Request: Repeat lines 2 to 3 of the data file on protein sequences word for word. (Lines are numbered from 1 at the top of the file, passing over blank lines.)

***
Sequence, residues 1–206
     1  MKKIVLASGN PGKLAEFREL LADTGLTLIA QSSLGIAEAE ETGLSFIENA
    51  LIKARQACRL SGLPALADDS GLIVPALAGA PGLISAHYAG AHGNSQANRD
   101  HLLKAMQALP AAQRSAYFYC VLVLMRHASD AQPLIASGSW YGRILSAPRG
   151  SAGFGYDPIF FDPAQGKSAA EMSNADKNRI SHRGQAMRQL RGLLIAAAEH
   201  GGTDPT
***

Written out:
     1  MKKIVLASGN PGKLAEFREL LADTGLTLIA QSSLGIAEAE ETGLSFIENA
    51  LIKARQACRL SGLPALADDS GLIVPALAGA PGLISAHYAG AHGNSQANRD